sta­tus was re­voked just a few months later, but the dam­age to their reputations was done. On­line, blogs and web­sites started to spring up from peo­ple pin­ning the blame on the Mc­canns.

The fam­ily’s Por­tuguese lawyer, Rogério Alves, tells Stel­lar it was a “se­ri­ous mis­take’’ by the po­lice to name the Mc­canns as sus­pects.

“Later on, the main of­fi­cer of the Ju­di­cial Po­lice tes­ti­fied that it had been a mis­take to have those sus­pi­cions about them and make them be­come de­fen­dants. There was noth­ing in the file that could sus­tain the in­crim­i­na­tion. The in­quiry fin­ished and the pub­lic prose­cu­tor de­cided there was noth­ing against them.’’

De­spite this, the Mc­canns have been sub­jected to a vi­cious decade­long cam­paign of abuse, much of it on so­cial me­dia.

A study by Eng­land’s Univer­sity of Hud­der­s­field ear­lier this year found that the Mc­canns were still bom­barded with an av­er­age of 150 crit­i­cal mes­sages a day, ev­ery day, posted on Twit­ter, Face­book and var­i­ous on­line mes­sage boards.

While the main vic­tims of the mystery have been Mad­die and her fam­ily, the case has also caused much dam­age to oth­ers who came into con­tact with it.

Guil­her­mino En­car­nação, who was the head of po­lice in the Faro district, had the first re­spon­si­bil­ity for the Mccann case. He died in 2010 from stom­ach can­cer, his ca­reer over­shad­owed by the fail­ure to find Mad­die, and an ear­lier con­tro­versy in­volv­ing an­other miss­ing girl.

Then there was Gonçalo Amaral, the de­tec­tive who led the field in­ves­ti­ga­tion into Mad­die’s dis­ap­pear­ance.

He was later stood down from the po­lice force over in­ter­views he gave to the press, and went on to write a book, Mad­die: The Truth Of The Lie, ac­cus­ing the Mc­canns of in­volve­ment in Mad­die’s dis­ap­pear­ance. The Mc­canns sued him for li­bel, but after three court cases the Por­tuguese courts this year dis­missed their case. But by then the for­mer cop’s ca­reer and health were de­stroyed, his fledg­ling se­cu­rity con­sul­tancy failed to take off, his book was pulped and he was out of money.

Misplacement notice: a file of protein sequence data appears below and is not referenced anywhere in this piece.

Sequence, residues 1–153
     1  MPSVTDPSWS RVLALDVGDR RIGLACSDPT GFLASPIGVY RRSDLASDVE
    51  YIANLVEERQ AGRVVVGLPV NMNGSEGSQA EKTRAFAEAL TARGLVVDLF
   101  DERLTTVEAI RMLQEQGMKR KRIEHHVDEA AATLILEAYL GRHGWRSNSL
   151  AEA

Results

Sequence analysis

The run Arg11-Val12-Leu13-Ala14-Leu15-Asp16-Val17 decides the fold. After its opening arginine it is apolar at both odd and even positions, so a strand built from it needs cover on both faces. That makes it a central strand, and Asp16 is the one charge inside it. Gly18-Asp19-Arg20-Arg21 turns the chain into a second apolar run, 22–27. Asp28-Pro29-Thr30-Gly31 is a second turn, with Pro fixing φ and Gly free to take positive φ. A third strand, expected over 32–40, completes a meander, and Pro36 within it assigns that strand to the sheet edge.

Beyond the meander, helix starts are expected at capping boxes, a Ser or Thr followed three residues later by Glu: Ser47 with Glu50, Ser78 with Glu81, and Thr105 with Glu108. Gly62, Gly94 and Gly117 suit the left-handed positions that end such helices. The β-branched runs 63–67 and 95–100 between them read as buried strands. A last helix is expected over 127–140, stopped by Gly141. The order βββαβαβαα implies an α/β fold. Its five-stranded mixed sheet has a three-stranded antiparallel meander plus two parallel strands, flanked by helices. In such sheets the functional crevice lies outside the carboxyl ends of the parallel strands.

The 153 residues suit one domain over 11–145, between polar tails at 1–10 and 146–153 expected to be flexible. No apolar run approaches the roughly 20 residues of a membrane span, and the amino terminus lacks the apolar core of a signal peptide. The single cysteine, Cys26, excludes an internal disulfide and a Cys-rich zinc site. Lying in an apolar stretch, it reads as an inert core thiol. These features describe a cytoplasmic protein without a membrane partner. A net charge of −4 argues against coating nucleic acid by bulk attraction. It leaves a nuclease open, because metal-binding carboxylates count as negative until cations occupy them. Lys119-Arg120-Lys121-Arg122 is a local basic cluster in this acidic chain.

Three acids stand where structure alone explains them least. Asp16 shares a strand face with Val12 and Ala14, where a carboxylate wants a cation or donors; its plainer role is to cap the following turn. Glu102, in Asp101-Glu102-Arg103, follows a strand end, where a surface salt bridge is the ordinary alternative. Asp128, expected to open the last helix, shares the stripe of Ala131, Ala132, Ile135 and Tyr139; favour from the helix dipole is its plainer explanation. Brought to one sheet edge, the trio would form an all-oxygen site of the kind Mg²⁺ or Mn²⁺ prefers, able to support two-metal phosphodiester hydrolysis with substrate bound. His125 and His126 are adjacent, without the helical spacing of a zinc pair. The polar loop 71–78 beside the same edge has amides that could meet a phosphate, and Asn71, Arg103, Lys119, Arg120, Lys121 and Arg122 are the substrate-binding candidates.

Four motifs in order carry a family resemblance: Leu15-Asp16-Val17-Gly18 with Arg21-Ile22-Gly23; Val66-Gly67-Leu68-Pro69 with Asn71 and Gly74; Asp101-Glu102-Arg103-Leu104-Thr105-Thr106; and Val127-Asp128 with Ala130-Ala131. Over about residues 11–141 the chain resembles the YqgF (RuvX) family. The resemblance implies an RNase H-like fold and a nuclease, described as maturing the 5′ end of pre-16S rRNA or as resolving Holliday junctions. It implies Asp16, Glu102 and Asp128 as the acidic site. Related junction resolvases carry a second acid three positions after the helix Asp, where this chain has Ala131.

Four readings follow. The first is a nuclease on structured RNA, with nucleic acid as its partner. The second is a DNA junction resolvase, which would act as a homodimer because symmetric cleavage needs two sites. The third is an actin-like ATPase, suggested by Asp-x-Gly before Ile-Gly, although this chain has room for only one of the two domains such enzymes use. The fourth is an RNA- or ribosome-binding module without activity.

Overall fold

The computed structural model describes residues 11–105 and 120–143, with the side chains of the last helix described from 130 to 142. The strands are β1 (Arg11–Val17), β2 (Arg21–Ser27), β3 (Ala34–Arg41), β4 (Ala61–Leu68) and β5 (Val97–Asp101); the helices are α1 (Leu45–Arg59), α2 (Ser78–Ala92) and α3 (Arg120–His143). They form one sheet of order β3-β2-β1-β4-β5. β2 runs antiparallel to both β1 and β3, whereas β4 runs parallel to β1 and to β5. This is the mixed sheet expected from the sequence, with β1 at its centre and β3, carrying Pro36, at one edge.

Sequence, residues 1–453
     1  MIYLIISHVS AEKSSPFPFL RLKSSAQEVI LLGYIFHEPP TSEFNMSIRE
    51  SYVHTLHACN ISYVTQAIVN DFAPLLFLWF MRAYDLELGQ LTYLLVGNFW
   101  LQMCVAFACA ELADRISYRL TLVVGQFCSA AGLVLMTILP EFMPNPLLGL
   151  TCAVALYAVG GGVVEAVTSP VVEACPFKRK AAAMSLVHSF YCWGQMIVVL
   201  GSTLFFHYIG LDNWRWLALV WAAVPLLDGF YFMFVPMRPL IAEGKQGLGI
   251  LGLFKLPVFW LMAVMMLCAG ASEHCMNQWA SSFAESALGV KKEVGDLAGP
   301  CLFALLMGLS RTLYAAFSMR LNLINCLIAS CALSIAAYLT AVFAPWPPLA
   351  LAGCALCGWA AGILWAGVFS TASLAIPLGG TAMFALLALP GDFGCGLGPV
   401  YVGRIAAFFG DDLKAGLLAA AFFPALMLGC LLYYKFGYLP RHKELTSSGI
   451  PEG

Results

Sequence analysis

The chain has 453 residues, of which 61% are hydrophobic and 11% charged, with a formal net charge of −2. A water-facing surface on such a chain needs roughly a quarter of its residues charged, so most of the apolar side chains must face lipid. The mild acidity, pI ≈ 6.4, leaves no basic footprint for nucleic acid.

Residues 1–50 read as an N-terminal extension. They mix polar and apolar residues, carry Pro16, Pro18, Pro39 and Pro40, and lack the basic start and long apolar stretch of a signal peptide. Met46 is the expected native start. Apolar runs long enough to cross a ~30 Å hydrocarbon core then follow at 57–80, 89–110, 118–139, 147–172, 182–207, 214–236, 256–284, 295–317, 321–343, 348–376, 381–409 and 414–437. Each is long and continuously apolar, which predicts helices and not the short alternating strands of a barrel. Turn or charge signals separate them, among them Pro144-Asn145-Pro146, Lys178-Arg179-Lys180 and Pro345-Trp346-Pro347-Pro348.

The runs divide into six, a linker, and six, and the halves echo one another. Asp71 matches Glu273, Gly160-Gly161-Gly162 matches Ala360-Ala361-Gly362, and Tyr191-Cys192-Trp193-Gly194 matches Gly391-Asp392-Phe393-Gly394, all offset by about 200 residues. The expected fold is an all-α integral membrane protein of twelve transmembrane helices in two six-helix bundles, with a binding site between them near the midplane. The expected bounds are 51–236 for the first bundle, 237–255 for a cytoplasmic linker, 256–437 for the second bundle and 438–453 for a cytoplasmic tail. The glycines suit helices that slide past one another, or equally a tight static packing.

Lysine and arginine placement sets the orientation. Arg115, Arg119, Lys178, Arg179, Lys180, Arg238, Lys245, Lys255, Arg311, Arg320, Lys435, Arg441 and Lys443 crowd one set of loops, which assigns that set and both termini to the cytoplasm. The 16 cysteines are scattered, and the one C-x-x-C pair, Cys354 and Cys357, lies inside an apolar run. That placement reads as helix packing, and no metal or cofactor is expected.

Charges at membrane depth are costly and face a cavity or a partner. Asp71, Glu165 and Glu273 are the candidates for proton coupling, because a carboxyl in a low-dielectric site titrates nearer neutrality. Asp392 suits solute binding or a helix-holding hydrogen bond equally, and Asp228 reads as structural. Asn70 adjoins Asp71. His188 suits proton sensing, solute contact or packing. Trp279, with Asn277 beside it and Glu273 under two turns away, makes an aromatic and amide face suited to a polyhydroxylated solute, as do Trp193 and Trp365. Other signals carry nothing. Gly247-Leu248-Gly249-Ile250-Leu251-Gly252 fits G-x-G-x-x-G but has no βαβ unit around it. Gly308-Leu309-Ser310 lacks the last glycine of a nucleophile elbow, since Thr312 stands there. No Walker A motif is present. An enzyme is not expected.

He left the district and moved to the cap­i­tal Lis­bon, where he is avoid­ing the me­dia and, through his lawyer Miguel Cruz Ro­drigues, de­clined to com­ment to Stel­lar, say­ing the case was in the “ju­di­cial se­crecy phase’’.

Robert Mu­rat was an­other per­son who be­came col­lat­eral dam­age.

The ex-pat Bri­tish-por­tuguese man lived just down the road from where Mad­die’s villa was, and vol­un­teered to trans­late for the Mc­canns, who didn’t speak Por­tuguese.

Sus­pi­cion fell on him and, al­though he was never ar­rested, he was in­ter­ro­gated sev­eral times, in­clud­ing un­der cau­tion, and his yard was dug up in an ul­ti­mately fruit­less search.

At the walled villa he used to call home with his mother, the place is now bar­ri­caded shut with roller shut­ters on the win­dows. At the lo­cal su­per­mar­ket

“NO­BODY RE­ALLY KNOWS WHERE MADELEINE IS AT THIS MO­MENT. WE DON’T KNOW IF SHE’S DEAD OR ALIVE”

and shops, peo­ple be­lieve he has left town, say­ing they haven’t seen him, or his el­derly mother, for years.

God­inho says Mu­rat be­came a sus­pect on an anony­mous tip sim­ply be­cause peo­ple were so des­per­ate for a so­lu­tion.

“He was an odd guy. He had a glass eye and he lived 50 me­tres to 100 me­tres from the villa. He be­came a sus­pect be­cause an English jour­nal­ist thought he was strange,’’ God­inho ex­plains.

The publicity it brought to Praia da Luz drove tourists away, dam­aged the lo­cal econ­omy and cost lo­cals their jobs as the hotel rooms, restau­rants and cof­fee shops sat empty for sev­eral years.

The lo­cals are now re­luc­tant to re­visit those times, and are ap­pre­hen­sive about the 10-year an­niver­sary.